By Joshua Greally
With February being the month of love, let us take a look at a movie that has just gotten a wide release after touring the festival circuit last year. The film is up for the best foreign language trophy at the Oscars and does not have a hint of love in its body.
Loveless is a Russian film that tells the story of Zhenya and Boris. A couple in the midst of a heated divorce who clearly have moved on to better pastures with new partners and can hardly stomach being in the same room with each other. Their young son Alyosha is the one most affected though, as his mother belittles him and his father hardly has any time for him. But one day Alyosha goes missing, and so the estranged parents must band together to try and find their missing son.
From the synopsis, Loveless sounds like something akin to a buddy cop movie. A bad situation arises and two people who cannot stand each other are forced to team up in order to reach a common goal. And from that synopsis, it would be easy to assume that this plot is based on getting the parents back together. But believe me, it is not. As summed up in the title, this movie has no love for its main characters. They are shown as selfish, angry and despicable people who will clearly never get back together and in fact, often use the disappearance of their son as a way to cut into each other emotionally. But this is part of what makes Loveless a must see.
Unlike many Hollywood films, Loveless is fully aware that in real life when people fall out of marriages it is very rare that people will end on good terms and often times both partners can be very venomous towards each other, with children often being seen as little more than excuses to hurt one another. But both of Zhenya and Boris, despite their sometimes-hyperbolic hatred for one another, are very recognisably human. They hate each other, but in the scenes, with their new spouses, we see that all they really want is to be with someone who loves them.
This ultimately seems to be the reason why they hate each other and are neglectful towards their son. Alyosha is a constant reminder of their unhappy past and being forced to be together only served to highlight how much they may have once loved each other and how far they have fallen since those days. In fact, tracking down their son seems to feel more like an obligation than something that either of the characters wants to do.
This can be read as an allegory for the state of Russian society at the moment, with Russia’s future being torn apart by its unhappy past but it also functions as a very dark character drama. And the film mostly succeeds because these characters are deeply flawed but we are given enough subtle reasons to empathise with them. Which only makes the proceeding film even more devastating because we the audience want to believe in the best possible outcome for everyone…even though we know for a fact that it isn’t coming. Leading to a finale that is incredibly powerful.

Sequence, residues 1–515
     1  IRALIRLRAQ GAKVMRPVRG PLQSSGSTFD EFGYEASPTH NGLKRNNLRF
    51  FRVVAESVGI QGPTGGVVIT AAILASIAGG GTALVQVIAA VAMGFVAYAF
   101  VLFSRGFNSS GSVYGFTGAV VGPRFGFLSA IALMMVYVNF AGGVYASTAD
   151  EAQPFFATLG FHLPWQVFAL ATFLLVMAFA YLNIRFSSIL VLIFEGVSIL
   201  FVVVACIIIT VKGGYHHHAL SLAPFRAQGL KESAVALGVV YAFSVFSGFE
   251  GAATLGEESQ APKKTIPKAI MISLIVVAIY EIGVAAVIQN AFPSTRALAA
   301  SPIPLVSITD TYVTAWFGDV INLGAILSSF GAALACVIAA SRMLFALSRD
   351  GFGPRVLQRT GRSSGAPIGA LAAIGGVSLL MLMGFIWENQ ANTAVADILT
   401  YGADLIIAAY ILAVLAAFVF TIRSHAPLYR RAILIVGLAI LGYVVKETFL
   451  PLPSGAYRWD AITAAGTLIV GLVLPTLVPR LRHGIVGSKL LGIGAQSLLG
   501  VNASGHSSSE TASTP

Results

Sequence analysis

Another reason the film succeeds is that both of the lead actors give amazing performances. It would be very easy for both characters to seem like cartoons with how the script calls for them to act so hostile towards each other but as previously stated both actors help us to see the humanity in their plight and come across as very natural.
Maryana Spivak who plays Zhenya is the clear MVP of the production though. She sells the destructive anger of a distraught wife being forced to co-operate with a husband she believes she wasted her life with, but she also manages to show a loving side when it comes to her new lover and she is haunting at showing the emotions of motherhood (although she goes to darker places than many Hollywood mothers would).
Director Andrey Zvyagintsev, who previously directed the critically acclaimed Leviathan, also uses this film as an opportunity to show off in regards to how well he can direct actors. He has very clearly been influenced by Ingmar Bergman’s Scenes from a marriage. As like that iconic mini-series Loveless places, a lot of emphasis on excruciatingly long takes that serve to show off the actors performances rather than any complex camera movements. Shots will often starkly stare at the actors as they relay their feelings, stories and personal philosophies which coupled with the most naturalistic performances helps us as viewers feel like we’re voyeurs watching actual people. This, in turn, makes the drama much more affecting because of how realistic and un-stagy the direction of these characters feels.
Regarding flaws, the actors can occasionally lapse into playing their emotions a bit too theatrically which lessens the real pain and anger that they are able to showcase most of the time. The film also seems to take it as read that the audience will react in a certain way. We are given very little time to get to know Alyosha before he disappears and although the young actor is very good in the role we aren’t really given much of a personality for us to latch on to. We seem to be expected to be sad because of the situation rather than because we actually care about his character. And the lack of conventional character development can leave the film feeling a bit hollow sometimes.
With all of those flaws being present though Loveless is still one of the best films to come out of last year. Its brutal story combined with allegorical, but still compelling characters, played by actors who are able to showcase amazing performances that make their characters feel three dimensional. This is further compounded by impressive direction and an ending that may leave some viewers speechless. Give it a watch if you have a strong constitution.
By Joshua Greally